The Psalms lie at the heart of Jewish and Christian worship. For thousands of years people in despair and praise have cried to God through the words of these ancient poems. Fragments of them are still widely known and loved, but such is the gulf between their ancient culture and our contemporary world that much of the depth of their meaning is lost to us.
Life in the Psalms aims to bridge that gulf, enabling the modern reader to find hope in these ancient texts by re-imagining their meanings for our times. The Psalms include texts that illuminate issues including climate change and environmental degradation; the illusions of consumerism and `celebrity culture'; our response to migrants and asylum seekers; conditions of depression, anxiety, and grief, and the question of `attention' in a digital age. Many texts take us deeply into the experience of meditation and contemplation; and teach us how to wonder, and find happiness.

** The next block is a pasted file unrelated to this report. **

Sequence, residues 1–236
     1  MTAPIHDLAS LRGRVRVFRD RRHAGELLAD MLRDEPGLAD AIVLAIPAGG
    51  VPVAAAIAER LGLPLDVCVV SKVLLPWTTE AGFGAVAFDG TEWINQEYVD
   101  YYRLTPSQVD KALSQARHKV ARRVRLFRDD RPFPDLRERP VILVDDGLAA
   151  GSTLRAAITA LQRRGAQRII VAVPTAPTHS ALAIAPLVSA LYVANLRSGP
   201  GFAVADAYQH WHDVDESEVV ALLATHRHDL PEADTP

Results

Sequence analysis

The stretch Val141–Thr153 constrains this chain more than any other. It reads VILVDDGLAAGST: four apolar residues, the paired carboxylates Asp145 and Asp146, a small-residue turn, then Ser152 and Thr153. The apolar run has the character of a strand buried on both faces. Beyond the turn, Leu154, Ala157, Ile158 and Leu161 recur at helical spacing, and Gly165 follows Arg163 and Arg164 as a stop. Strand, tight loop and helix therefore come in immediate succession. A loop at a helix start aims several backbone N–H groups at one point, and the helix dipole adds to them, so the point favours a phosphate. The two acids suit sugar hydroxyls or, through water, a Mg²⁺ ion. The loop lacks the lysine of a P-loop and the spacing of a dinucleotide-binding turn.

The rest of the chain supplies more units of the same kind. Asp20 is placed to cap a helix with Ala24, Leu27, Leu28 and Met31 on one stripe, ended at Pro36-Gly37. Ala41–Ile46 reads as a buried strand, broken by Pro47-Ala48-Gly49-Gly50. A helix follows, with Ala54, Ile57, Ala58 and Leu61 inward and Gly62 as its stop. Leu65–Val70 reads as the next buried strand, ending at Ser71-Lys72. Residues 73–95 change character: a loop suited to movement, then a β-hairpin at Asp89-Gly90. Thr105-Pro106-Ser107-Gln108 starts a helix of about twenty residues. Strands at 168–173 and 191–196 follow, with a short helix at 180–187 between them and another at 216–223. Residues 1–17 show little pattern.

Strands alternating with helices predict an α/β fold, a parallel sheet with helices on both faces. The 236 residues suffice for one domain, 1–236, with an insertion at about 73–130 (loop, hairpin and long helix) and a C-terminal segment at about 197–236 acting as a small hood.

Three introductory chapters are followed by reflections on thirty Psalms (one for each weekday of Lent), which aim to illuminate the text and help those in search of a more contemplative spirituality to discover, in the midst of the hard realities of a secular twenty-first century world, a deep consciousness of the healing mystery of God.